Brexit and Its Impact On GDPR

Brexit and Its Impact On GDPR

By Shreya

Published on 3rd January 2020

Brexit – a Brief Summary

The United Kingdom (UK) decided to leave the European Union (EU) in June 2016. Ever since, Brexit (British exit), which is yet to be finalized and carried out, has had a roller-coaster of a ride. The exit day has been extended multiple times to avoid a “no-deal” Brexit, that is, leaving without an agreement. The final date has been set to January 31, 2020, by the EU. From then on, the UK will enter a “grace” or “transition” period to determine the relationship with the EU, including data protection law until December 2020. In the case of a no-deal Brexit, there will not be a transition period.

The GDPR (read our guide to GDPR) in the UK has come under a lot of close reviews since the Brexit decision. This article tries to breakdown what impact Brexit will have on the GDPR compliance in the UK.

Brexit Impact on GDPR

The UK government said it is committed to data protection. It will integrate the GDPR into the UK data protection law, which will be similar to the principles of the Regulation. The rights, principles, and obligations in the data protection law will remain the same as GDPR. The significant impact will be on data transfers between the UK and the EU. The government has said that the data transfer from the UK to the EU will remain uninterrupted.

The UK will most likely request an “adequacy” status from the European Commission. Adequacy means that the countries outside the EU have data protection measures that are equivalent to European standards. An adequacy decision allows uninterrupted data flow from EU countries to and from the countries outside it without further supervisory authorization. Until the UK obtains an adequacy agreement, cross-border data transfer from the EU to the UK will require legal measures and approval from the supervisory authority.

Let’s look at how the Brexit will impact GDPR with or without a deal.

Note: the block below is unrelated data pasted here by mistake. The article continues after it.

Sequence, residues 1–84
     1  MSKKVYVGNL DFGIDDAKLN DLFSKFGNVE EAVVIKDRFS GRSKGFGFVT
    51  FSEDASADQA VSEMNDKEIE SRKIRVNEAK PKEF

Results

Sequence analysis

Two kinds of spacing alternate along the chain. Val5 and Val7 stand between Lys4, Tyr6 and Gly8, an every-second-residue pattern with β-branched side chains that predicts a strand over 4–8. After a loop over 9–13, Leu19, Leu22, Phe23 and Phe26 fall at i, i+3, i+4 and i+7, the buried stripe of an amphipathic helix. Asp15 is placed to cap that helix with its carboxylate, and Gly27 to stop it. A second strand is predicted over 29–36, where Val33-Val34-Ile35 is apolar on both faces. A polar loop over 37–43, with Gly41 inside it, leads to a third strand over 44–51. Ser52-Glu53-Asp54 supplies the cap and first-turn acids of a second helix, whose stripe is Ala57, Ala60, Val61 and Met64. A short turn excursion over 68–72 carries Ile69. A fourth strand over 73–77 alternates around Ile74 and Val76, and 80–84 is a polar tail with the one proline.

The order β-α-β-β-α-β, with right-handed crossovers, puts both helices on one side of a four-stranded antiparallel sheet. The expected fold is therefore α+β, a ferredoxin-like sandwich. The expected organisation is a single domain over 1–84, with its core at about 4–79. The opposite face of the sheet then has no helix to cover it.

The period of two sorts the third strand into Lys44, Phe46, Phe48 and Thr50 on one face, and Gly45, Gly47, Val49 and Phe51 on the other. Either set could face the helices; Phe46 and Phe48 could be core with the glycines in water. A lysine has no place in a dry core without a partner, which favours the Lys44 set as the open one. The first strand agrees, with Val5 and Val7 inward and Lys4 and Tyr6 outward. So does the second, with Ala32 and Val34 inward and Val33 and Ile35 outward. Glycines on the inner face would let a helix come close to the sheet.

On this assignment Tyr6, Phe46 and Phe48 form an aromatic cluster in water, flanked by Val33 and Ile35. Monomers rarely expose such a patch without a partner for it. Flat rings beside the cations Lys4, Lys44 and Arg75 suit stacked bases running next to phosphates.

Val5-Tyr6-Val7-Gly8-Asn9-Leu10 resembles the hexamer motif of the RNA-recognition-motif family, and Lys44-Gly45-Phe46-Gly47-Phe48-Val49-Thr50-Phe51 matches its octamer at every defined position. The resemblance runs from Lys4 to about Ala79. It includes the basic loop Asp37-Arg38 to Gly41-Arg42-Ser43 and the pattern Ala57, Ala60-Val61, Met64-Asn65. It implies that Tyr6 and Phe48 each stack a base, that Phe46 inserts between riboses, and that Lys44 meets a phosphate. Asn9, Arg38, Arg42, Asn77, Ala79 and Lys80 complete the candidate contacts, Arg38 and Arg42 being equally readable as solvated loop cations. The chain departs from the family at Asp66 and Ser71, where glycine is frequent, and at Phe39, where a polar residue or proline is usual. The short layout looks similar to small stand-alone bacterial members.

GDPR After No Deal Brexit

Since there will not be a transition period in case of no deal, the GDPR will no longer apply, starting immediately from the day of the exit. However, if your organization is based in the UK, it will have to comply with the UK data protection law. Please note that the EU GDPR will still apply if you collect and process data of people in the EU. ICO will no longer remain the leading supervisory authority. It will continue to be the independent supervisory body that handles the data protection law in the country. If your organization operates in the EU and you have customers from the UK and EU, then you have to comply with both the GDPR and the UK law. For example, if you own a website from the UK that also has visitors or deals with EU customers, it will be subject to GDPR standards.

GDPR After Brexit With a Deal

In case the UK leaves with a deal, the GDPR will continue to apply until the transition period (December 31, 2020) is over. After that, it will be similar to a no-deal scenario. It will also depend on the agreement between the UK and the EU after the transition period.

Check out this FAQ on Brexit by the ICO.

Wrapping Up

Deal or no deal, the UK's withdrawal from the EU will make the UK data protection law replace the GDPR in the country. And it will have a significant impact on organizations that deal with UK customers. Nevertheless, you should always safeguard your organization and adopt measures to comply with both the data protection laws.

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Shreya

Shreya is a Content Writer for Cookie Law Info. She writes about data protection laws and cookies (not the eating type). In her free time (or any time), she enjoys listening to music and reading fiction.

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